At Channing Daughters Winery in Bridgehampton, winemaker and partner James Christopher Tracy focuses on sparklers made in the ancestral method, a.k.a. Petillant Naturel.

Channing Daughter uses Chardonnay, Muscat, Pinot Grigio, Pinot Bianco, Tocai Friulano, Gewurtztraminer, Merlot, Cabernet Franc, Lagrein, Rofosco, Syrah, Blaufrankisch, Dornfelder and more in various cuvées.

“We release them anywhere from three to 24 months after bottling,” Tracy says. “We released our first Pet-Nat in 2013, and now we make between four and eight different sparklers every year. People love New York’s sparkling wines in many styles for their outstanding quality, and the bang for the buck they offer!”

Celebrating New York Made Sparkling Wine—Now

New York’s climate—hot days in the summer, cool nights—make it ideal for sparkling wine, especially with climate change, Whitecliff’s Martz says.

“We can achieve the quality we are looking for earlier in the season, harvest earlier and mitigate threats that can occur in New York as the season goes on,” Martz says. “I’m especially excited about our additional Pet Nat releases using hybrids. Because we’re celebrating our 25-year anniversary during Sparkling Wine Week, so we will be popping a lot of sparkling bottles with our customers.”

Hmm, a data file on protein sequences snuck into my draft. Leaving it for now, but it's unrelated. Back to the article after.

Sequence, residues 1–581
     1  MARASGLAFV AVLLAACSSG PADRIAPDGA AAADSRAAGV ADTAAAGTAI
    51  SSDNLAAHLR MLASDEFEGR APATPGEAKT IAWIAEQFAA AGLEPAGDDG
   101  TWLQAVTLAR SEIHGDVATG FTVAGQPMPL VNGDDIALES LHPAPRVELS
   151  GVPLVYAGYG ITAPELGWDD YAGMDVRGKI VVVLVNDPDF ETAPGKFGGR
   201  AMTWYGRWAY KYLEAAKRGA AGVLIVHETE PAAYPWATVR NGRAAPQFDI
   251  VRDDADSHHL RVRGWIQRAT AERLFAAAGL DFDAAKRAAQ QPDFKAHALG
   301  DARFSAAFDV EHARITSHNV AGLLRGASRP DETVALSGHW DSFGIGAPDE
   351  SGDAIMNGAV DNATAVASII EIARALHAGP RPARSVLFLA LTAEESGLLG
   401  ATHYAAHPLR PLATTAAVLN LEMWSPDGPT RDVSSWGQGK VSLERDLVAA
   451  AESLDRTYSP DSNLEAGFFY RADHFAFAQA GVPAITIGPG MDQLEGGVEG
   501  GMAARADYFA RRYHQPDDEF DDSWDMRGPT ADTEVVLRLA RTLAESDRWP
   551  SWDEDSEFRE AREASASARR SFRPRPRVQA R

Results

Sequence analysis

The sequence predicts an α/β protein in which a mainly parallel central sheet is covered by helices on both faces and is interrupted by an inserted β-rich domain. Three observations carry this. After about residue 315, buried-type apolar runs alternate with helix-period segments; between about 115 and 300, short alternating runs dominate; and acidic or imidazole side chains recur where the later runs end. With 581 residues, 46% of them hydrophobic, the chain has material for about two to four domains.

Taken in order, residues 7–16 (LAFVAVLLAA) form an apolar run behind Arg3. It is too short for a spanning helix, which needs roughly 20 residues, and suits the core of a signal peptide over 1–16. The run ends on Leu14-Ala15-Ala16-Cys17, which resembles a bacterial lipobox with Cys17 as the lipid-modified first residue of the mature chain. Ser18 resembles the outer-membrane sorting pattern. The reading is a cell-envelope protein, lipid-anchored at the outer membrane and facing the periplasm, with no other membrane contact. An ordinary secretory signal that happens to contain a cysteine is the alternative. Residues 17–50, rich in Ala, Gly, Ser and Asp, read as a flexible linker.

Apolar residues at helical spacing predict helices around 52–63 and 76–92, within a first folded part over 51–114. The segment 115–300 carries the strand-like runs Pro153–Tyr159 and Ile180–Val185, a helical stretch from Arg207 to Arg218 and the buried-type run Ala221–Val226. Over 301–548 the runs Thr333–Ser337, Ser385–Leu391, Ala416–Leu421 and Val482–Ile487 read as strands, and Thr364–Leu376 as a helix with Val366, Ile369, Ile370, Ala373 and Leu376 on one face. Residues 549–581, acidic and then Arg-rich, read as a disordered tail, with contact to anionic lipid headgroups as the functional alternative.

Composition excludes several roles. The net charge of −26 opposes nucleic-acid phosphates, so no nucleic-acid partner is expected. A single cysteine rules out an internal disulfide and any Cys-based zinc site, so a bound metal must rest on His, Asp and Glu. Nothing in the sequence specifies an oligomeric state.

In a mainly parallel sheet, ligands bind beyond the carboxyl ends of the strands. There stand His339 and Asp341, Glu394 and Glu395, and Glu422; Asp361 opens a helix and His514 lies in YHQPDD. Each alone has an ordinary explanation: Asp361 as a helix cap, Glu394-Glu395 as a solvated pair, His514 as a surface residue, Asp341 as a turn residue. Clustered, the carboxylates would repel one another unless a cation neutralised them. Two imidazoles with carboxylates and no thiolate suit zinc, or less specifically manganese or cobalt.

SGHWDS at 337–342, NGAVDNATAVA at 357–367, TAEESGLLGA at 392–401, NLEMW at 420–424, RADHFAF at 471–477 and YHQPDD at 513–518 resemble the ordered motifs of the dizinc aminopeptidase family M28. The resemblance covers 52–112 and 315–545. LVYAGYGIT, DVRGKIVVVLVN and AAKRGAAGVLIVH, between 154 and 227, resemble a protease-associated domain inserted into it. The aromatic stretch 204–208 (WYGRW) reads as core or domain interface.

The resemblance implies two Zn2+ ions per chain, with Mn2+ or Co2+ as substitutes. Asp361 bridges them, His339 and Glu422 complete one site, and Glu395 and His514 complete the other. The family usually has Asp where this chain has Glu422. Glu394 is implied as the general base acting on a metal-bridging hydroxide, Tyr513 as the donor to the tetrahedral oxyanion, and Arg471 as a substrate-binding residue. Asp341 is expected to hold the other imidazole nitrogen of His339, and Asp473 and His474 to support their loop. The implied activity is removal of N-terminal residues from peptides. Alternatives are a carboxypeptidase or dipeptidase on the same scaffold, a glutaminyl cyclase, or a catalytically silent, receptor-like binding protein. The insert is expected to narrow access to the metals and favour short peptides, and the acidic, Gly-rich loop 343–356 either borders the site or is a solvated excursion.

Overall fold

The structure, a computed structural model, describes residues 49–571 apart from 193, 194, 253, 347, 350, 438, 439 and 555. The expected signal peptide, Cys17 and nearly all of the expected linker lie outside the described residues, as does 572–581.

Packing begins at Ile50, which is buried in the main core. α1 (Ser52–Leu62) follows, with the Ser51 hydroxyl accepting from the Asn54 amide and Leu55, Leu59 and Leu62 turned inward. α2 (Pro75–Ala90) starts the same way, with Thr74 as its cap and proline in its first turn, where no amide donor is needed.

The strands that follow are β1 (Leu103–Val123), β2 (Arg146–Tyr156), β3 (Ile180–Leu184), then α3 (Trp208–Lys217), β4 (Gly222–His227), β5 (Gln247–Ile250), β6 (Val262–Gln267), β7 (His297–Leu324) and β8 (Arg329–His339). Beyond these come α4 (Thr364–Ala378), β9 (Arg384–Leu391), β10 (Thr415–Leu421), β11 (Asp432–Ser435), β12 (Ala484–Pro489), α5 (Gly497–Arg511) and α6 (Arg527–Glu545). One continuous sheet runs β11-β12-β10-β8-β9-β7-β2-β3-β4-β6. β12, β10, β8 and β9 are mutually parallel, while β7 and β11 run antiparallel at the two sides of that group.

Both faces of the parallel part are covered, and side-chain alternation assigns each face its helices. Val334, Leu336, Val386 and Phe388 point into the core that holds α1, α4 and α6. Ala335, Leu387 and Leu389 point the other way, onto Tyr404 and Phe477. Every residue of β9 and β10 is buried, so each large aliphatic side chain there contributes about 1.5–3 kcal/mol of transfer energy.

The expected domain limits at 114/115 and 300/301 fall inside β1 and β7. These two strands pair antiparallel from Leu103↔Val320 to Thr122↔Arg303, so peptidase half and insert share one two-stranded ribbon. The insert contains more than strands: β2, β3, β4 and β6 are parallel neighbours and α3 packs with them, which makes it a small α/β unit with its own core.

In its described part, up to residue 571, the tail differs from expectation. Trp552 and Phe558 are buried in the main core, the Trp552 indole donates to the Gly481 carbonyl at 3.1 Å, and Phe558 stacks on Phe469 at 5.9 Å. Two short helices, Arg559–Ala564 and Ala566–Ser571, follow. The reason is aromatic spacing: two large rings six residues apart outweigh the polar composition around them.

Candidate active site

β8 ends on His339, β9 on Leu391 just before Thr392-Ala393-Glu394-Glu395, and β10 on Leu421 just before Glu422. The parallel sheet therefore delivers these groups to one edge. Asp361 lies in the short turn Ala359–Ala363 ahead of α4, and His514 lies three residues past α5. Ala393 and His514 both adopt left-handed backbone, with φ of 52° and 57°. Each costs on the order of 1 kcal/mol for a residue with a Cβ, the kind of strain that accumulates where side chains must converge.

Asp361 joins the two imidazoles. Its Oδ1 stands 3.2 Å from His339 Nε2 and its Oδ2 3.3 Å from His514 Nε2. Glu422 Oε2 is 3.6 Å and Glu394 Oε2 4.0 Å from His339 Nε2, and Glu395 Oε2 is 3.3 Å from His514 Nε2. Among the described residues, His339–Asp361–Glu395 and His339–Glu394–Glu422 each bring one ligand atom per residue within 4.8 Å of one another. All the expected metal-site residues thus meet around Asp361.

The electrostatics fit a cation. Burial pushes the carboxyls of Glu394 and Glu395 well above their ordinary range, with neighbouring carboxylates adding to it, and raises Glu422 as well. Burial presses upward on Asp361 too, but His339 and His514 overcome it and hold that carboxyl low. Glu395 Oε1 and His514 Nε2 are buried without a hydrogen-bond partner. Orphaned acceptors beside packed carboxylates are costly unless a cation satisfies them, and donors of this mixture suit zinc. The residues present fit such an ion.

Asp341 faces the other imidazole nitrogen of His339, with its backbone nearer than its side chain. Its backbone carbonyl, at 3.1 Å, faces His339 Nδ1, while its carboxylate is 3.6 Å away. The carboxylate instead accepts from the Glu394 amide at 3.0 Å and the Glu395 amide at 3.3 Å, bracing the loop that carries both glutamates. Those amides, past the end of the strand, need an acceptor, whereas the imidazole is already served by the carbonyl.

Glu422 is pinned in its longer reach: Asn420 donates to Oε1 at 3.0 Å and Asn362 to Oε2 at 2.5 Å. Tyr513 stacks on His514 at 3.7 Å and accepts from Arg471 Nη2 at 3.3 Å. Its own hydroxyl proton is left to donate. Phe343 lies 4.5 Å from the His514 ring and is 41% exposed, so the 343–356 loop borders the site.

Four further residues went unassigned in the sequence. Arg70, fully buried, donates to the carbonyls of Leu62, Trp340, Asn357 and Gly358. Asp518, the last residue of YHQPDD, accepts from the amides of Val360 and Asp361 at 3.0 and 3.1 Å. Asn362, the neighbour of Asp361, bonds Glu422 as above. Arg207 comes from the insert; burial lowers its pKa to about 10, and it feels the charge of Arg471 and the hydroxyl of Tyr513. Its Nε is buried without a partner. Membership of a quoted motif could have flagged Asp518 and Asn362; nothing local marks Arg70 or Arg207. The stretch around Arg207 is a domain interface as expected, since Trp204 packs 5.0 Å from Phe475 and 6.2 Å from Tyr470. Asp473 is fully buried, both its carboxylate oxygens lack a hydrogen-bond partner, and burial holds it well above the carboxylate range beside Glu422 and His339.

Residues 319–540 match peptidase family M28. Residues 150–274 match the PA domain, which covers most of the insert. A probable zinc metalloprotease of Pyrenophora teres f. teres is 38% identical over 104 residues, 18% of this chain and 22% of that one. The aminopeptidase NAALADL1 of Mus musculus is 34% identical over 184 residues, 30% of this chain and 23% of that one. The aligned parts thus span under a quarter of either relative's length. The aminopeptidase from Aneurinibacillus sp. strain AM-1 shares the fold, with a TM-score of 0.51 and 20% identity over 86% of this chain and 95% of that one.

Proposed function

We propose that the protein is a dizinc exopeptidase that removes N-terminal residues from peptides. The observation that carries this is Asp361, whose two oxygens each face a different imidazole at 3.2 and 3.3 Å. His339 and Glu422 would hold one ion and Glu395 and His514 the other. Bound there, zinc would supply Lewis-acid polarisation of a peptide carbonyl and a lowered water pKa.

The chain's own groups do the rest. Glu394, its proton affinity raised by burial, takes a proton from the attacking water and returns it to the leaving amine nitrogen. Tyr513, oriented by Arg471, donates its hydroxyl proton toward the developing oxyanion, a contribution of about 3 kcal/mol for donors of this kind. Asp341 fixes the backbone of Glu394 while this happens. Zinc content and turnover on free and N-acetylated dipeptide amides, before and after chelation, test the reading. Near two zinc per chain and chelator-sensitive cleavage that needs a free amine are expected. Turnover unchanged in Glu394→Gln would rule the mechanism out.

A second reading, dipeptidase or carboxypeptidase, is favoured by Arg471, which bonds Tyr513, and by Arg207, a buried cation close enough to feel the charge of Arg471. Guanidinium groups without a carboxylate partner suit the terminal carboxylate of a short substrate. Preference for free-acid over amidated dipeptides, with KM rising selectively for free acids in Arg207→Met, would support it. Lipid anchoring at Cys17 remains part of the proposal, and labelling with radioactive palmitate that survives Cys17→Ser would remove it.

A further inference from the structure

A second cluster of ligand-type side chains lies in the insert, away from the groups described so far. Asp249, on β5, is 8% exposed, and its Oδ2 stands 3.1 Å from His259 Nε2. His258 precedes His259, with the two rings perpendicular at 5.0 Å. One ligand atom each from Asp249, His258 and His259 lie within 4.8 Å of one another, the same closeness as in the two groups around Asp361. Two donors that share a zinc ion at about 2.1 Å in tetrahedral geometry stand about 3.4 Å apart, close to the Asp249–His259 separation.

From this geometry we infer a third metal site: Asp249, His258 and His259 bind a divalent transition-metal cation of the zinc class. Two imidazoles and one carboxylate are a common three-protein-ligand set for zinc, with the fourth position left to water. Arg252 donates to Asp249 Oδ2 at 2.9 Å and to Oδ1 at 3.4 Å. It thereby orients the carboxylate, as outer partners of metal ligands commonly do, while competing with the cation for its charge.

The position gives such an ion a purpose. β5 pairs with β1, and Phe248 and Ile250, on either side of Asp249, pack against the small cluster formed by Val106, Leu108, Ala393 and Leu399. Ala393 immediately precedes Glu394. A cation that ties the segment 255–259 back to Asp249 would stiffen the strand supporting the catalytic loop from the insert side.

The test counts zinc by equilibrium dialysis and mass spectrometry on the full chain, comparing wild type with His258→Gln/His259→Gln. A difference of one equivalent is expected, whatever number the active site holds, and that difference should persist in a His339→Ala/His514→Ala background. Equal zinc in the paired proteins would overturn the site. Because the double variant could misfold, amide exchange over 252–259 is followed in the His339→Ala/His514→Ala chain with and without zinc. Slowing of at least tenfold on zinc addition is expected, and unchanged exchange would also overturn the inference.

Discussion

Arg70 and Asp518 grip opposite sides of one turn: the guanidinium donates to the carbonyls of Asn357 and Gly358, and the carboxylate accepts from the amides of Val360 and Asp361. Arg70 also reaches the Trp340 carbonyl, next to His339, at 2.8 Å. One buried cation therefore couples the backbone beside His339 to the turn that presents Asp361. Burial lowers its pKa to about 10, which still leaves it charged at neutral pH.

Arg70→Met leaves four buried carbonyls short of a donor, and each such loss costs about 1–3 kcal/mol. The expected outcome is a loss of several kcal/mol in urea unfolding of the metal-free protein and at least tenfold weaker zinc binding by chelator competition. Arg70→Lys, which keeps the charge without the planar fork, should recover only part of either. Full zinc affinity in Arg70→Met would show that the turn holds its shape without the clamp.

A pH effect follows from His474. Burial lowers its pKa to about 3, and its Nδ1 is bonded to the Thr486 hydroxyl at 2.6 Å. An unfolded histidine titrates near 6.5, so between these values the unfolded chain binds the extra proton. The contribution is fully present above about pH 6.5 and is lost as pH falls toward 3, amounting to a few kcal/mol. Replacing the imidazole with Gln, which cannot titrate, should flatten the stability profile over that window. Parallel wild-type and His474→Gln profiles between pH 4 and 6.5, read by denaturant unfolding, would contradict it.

Other Empire State wineries are also poised to pop bubbles to celebrate Independence Day and Sparkling Wine Week.

“Konstantin would have been 125 years old so we will be raising a glass to his memory and his pioneering efforts on July 4th,” Meaghan says. “We actually celebrate sparkling wine every day at Dr. Frank’s though. We begin every tasting experience with our sparkling wine offerings. It is a way for us to honor our heritage.”

At Sparkling Pointe all through July and August, the winery will be offering guests the option to reserve an intimate sparkling wine and lobster roll picnic in the vines for two on weekends. Reservations will be offered at 11 am, 1 pm and 3 pm for sparkling wine tasting flights paired with lobster rolls, North Fork potato chips and water.

Lakewood will be honoring Sparkling Wine Week with a special bubbly flight featuring their Blanc de Noir, which is never normally available for flights in the tasting room.

“It’s the best way to add sparkle to the July 4th fireworks,” Stamp says.

We couldn’t agree more.

Picture of Kathleen Willcox and Robin Shreeves

Kathleen Willcox and Robin Shreeves

Kathleen Willcox and Robin Shreeves' work frequently appears in Wine Enthusiast, Wine Searcher, Wine Industry Advisor, Liquor.com and many other publications. They co-founded Thinking Outside the Bottle, which provides communications services to the drinks industry.